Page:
Halo Halo!

Sins of the Fathers

First there were the black and white smoke signals from the Vatican; then a bloke in a posh frock on the balcony announced in Latin (because these things have to be communicated in ways otherwise unused in the modern world) ‘Habemus papam’ which, roughly translated, means ‘We’ve got a new one.’ And out stepped the new Pope and asked the crowd of nuns and tourists, all weeping with joy because they’d got a new one, to pray for him.

He’ll need more than prayers to deal with all the stories of abuse, blackmail, bullying, gay rent boys and other dirty deeds in the Vatican, and in the Catholic Church generally, that beset the previous Pope’s last days in the job.

After deflecting the world’s attention from the widespread abuse of children in the Church, his job will be to deliberate on God’s latest thoughts on such things as abortion, celibacy, sin, sex, sodomy and contraception (or, when involving the priesthood, any combination of these).

But while the cardinals were still weighing each other up for the job, an organisation named SNAP (Survivors Network of Abuse by Priests) had come up with a list of a ‘Dirty Dozen’ candidates who, they say, because of their failure to deal with the problem, should not become Pope, or even be involved in the selection process. Their website (www.snapnetwork.org) makes interesting reading.

The new Pope Francis was not on the list. But one who was got singled out for his ‘complete and utter failure’ to act against paedophile priests, allowing them to ‘act like wolves in a flock of sheep.’ And in a legal case, the Catholic Archdiocese of Los Angeles agreed to a $10 million pay-out to settle four cases of sexual abuse by a former priest. But ‘as part of this settlement, no parties admit any wrongdoing,’ reported the BBC news website. Perhaps those concerned will go to confession to get it off their chests.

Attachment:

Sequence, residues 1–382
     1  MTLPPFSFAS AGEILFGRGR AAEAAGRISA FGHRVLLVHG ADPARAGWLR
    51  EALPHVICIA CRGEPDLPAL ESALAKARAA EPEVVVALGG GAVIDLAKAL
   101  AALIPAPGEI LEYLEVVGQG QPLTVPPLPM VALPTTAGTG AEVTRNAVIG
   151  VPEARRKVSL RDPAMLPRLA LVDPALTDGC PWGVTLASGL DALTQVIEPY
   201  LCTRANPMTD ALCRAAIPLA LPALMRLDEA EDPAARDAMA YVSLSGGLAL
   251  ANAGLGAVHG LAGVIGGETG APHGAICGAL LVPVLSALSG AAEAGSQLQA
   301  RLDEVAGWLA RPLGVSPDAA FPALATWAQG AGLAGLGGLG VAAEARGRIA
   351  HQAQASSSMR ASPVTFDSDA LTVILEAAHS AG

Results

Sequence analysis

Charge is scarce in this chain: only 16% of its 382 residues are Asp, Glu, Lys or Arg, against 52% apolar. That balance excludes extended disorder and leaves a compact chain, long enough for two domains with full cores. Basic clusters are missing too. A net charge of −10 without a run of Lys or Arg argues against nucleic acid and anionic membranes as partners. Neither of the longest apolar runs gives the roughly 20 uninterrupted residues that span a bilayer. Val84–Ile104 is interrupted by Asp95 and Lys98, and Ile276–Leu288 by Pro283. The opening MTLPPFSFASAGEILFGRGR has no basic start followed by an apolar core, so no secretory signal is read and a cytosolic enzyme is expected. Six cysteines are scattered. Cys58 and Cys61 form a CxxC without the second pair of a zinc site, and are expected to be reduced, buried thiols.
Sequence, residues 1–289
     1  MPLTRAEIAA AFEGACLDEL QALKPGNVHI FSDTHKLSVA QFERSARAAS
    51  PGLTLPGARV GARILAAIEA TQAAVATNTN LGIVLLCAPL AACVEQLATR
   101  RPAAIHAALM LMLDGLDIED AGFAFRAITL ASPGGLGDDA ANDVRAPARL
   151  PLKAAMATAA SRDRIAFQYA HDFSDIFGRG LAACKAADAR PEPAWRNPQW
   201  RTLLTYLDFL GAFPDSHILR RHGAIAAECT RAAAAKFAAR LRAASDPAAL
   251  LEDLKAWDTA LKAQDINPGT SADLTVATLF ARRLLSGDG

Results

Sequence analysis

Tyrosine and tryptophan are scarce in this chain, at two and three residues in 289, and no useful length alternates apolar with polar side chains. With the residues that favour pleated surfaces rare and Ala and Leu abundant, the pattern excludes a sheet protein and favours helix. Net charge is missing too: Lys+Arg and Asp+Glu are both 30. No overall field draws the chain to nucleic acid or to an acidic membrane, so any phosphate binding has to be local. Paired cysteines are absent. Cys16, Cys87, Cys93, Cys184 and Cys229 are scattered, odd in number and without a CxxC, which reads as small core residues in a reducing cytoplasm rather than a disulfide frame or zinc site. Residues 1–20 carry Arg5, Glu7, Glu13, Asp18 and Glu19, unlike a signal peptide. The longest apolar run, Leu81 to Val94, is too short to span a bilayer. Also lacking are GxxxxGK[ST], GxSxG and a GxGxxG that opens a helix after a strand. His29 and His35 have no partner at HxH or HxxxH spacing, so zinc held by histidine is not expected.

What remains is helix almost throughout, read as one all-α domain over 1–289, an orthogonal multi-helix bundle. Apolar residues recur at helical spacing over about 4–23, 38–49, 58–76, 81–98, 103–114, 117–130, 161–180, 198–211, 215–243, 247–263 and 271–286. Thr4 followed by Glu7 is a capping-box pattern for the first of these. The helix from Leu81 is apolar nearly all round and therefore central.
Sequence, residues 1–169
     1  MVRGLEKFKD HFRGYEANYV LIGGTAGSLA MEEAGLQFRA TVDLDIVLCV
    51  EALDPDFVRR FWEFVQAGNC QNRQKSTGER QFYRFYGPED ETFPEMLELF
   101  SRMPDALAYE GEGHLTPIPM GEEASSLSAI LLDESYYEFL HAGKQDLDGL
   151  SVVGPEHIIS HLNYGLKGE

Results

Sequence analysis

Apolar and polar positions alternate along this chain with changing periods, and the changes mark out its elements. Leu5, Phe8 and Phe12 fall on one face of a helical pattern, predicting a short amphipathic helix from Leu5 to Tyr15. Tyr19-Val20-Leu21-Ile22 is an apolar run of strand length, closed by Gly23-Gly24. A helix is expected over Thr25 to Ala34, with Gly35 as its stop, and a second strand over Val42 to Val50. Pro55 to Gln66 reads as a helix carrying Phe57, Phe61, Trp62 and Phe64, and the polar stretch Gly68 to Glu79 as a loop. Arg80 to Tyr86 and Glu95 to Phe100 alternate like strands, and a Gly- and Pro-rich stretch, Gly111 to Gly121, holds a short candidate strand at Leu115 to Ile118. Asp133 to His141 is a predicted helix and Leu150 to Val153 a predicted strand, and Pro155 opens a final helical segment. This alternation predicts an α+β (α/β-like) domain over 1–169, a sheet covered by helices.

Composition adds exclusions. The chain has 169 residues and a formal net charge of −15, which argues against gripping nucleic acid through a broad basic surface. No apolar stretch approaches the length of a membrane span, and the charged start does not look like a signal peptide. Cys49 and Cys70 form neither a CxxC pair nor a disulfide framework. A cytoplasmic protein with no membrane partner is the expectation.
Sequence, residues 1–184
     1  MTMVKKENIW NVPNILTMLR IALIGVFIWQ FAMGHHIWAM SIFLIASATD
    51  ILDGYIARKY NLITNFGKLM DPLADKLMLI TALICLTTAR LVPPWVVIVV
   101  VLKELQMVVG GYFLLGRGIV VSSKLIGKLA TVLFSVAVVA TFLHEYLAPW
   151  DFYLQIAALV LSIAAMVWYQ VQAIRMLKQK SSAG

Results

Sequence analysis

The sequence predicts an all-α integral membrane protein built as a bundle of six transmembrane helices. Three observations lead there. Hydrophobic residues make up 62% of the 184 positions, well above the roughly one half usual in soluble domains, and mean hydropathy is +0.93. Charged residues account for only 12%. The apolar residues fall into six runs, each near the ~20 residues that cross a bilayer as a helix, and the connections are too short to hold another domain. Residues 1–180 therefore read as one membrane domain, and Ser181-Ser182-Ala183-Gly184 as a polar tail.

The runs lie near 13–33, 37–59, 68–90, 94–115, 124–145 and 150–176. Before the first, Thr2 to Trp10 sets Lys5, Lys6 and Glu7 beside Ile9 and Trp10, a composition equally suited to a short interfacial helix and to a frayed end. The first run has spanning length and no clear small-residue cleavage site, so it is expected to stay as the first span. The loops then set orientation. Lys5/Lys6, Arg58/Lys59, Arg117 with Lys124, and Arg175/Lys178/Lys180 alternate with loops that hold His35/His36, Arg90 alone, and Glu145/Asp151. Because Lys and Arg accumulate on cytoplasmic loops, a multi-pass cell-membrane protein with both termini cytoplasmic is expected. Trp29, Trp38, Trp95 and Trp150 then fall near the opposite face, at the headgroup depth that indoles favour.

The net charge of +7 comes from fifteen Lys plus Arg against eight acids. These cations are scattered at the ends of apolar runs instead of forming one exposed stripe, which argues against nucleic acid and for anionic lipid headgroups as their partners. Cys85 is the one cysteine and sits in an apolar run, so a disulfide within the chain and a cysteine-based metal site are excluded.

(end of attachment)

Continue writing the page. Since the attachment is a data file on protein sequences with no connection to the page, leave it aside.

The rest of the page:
SNAP points out that although most of the abuse allegations and revelations have so far come from Europe and America, where the media and investigative systems are fairly robust, Africa and Asia also have huge Catholic populations. It doesn’t help, they say, that one of the cardinals from Africa claimed: ‘We don’t have that problem here because we don’t have homosexuality.’

How seriously they took SNAP’s concerns may be judged by a Vatican spokesman’s reply that they were ‘well aware’ of the accusations, but ‘it is not up to advocacy groups to determine who should participate or not in the conclave.’

And it’s not only the abuse of minors that diverted attention from the Pope vote. While the sexual preferences and peccadilloes of priests that include other consenting adults are, of course, their own business, they can’t get away with damning a particular practice as evil and then secretly practicing it themselves, especially when the subjects of their attentions are not the same way inclined.

One archbishop who could always be relied on to thunder out the Church’s condemnation on what he saw as immorality was Cardinal Keith O’Brien. His views on such issues as same-sex marriage: ‘a grotesque subversion of a universally accepted human right,’ on homosexuality: a matter of being ‘morally disordered,’ on the abortion rate: ‘two Dunblane massacres every day,’ on the human fertilisation and embryology bill: ‘grotesque’ and akin to ‘Nazi-style experiments,’ won him the title of ‘Bigot of the Year’ from the gay rights charity Stonewall.

But the Cardinal became an ex-Cardinal when news of his unwanted ‘sexual misconduct’ towards three priests and a former priest hit the headlines. Despite initial denials and reports that he ‘contests these claims and is taking legal advice,’ within a few days he announced: ‘I wish to take this opportunity to admit that there have been times that my sexual conduct has fallen below the standards expected of me as a priest.’

Actually, his standards were pretty much what we have come to expect from the Catholic Church. Especially the blatant hypocrisy.      

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